Aug. 19—Ted Jenkins remembers how his love for blues and improvisation started.
Carrying his 1932 student guitar in a canvas sack, Jenkins boarded a civilian transport plane to Vietnam. It was 1969, and he was beginning his service in the Vietnam War. Knowing the troops were prohibited from bringing personal items on the plane, the stewardess took the instrument and hid it in the aircraft's closet. After landing, she handed the guitar back to Jenkins.
He hid the instrument under a blanket during the rest of his service, concealed from threats of the outside world. Jenkins only removed his prized possession from its shelter to play the sweet notes of soulful blues. Without any sheet music to serve as a guide, he strummed melodies, old and new. Nobody ever took the guitar away.
"That was the beginning for me, blues and improvisation," Jenkins said.
Following his passion for the blues, Jenkins started the Valley Jazz Jam, held on Sunday evenings from 4 to 7 p.m. at Sky Stage. The event offers a chance for soloists to sign up onsite and perform with the professional band.
Modeled after the original Valley Jazz Jam at the Main Cup in Middletown, the roots of the event trace back almost 30 years. The Frederick blues scene started to emerge in the '90s with music clubs hosting weekly jazz jams in downtown Frederick.
Jenkins became a regular performer at these music hubs following his military service. Former venues such as The Bentz Street Raw Bar, Cafe 611 and the Main Cup, provided a space for local blues players to follow their passion for music in a chill group setting. Through the years, Frederick music venues constantly changed names and faces, as the music scene developed. When the pandemic hit, these weekly jazz events came to a halt. Jenkins was left searching for another space to keep this tradition going.
"I wanted to have a way to keep it alive, and Sky Stage presented itself to me as being an outside venue," Jenkins said.
Partnering with the Frederick Arts Council, Jenkins and the owner of the Main Cup, Bob Brenengan, co-founded the Valley Jazz Collective scholarship program in order to provide a fusion of entertainment and educational opportunities for the community. The jazz jam serves as an informal audition for the $500 merit-based scholarships to help pay for high school or college students' music supplies, according to the Valley Jazz Collective website. The vision for the musical experience became a reality as the jams started up again in early August in their new venue.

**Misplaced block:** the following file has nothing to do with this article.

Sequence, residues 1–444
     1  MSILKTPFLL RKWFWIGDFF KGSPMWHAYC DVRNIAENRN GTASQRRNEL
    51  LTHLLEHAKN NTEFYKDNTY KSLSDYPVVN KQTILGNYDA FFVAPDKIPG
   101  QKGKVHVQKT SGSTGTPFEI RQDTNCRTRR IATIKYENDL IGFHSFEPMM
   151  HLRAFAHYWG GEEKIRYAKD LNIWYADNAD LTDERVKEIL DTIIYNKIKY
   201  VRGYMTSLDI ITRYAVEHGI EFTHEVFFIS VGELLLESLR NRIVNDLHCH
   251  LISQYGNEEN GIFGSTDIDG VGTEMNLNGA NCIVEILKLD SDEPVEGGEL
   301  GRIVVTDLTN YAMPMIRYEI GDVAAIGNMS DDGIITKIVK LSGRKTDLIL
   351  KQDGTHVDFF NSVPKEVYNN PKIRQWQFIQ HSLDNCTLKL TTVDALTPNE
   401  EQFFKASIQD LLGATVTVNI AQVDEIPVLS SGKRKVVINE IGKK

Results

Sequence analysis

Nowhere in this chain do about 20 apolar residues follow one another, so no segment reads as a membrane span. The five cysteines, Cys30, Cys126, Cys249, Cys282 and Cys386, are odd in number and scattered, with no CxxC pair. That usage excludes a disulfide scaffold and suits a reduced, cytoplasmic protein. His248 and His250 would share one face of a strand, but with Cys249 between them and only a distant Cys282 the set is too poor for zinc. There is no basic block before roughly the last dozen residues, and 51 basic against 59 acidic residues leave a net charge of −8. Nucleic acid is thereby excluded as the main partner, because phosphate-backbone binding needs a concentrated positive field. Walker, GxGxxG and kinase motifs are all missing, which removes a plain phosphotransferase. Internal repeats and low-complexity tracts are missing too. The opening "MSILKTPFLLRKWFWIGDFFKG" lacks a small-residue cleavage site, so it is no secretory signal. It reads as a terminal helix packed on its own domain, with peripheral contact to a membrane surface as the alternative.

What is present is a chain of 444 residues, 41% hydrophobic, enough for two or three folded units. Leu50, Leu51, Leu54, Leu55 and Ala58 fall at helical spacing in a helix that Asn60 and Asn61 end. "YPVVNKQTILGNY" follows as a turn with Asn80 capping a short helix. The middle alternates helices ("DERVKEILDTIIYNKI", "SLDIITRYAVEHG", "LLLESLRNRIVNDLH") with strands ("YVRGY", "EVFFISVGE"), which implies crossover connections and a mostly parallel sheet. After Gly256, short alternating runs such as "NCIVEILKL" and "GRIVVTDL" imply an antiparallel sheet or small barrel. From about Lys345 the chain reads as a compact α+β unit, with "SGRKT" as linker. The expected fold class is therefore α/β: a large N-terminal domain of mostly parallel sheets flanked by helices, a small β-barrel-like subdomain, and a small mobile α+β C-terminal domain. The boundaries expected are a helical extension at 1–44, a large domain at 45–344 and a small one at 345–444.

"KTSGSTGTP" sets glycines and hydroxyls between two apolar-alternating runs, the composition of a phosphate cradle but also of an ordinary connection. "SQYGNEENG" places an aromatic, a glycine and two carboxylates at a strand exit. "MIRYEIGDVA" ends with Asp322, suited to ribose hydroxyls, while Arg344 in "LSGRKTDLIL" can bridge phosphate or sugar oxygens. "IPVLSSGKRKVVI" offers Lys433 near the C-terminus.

Standing at the front entrance of Sky Stage, Jenkins watched as local musicians and community members filled the seats of the open-air theater. The reflections of the sky radiated onto the golden brass of the saxes as chords and melodies danced through the air. The soft hum of concert-goers came to a lull, and one of the guest soloists, Jim Crum, walked up to the concrete stage.
He held his tenor sax close and released a few practice notes. The faint crack of his snapping fingers gave a signal to the drummer, Howard Burns, on what direction to take in the song. In those defining seconds, the house band and Crum were on the same page. The music swelled and the classic sound filled the stone walls of the theater. The group knows there is always a set form to the classics, but the journey the song takes is up to the performers.
As Crum played the final notes of "On Green Dolphin Street," the soft decrescendo of the cymbal's sizzle indicated his final moments onstage. "It's always a fun experience, because I've never played with any of these three musicians," Crum said. "There's a certain level of trust that I know what I'm doing."
Watching other musicians take their turn in the spotlight, Capitol Focus Jazz Band member Meya Collings waited patiently in the audience for her chance to shine. Her father, Sam Collings, remembers the first time he heard her play the keyboard. At 5 years old one Thanksgiving night, Meya walked up to a stand-up piano, originally used for decoration in their living room. She played the "Peanuts" theme song perfectly after seeing the Thanksgiving special on TV. She did not use sheet music, only her memory. Meya, diagnosed as a prodigious savant, possesses the extraordinary ability to play a variety of instruments perfectly, all by simply listening to the song and utilizing her memory. She specializes in nearly all types of piano, guitar and flute instruments and knows the scores to the jazz classics by heart.
Meya immediately took control of her performance. Burns tested out a few notes and followed the beat of her snaps. Before long, the group delved into the song "Honeysuckle Rose," with Meya's voice filling the amphitheater with a velvety sound.
As the final performer completed their piece, the small rumble of applause brought the musical event to a close. These weekly outdoor sessions will continue through the season as time permits. An indoor winter destination is still in the works. Possibilities for this space may involve a return to the Main Cup in Middletown or a move to a space in downtown Frederick that is provided by the Frederick Arts Council, but it is still uncertain. The goal is to think of everyone's safety while continuing to provide this educational jazz event for the community.
"It's so important to have the arts," said Jenkins' wife, Connie Guy, a professional singer. "It's our culture."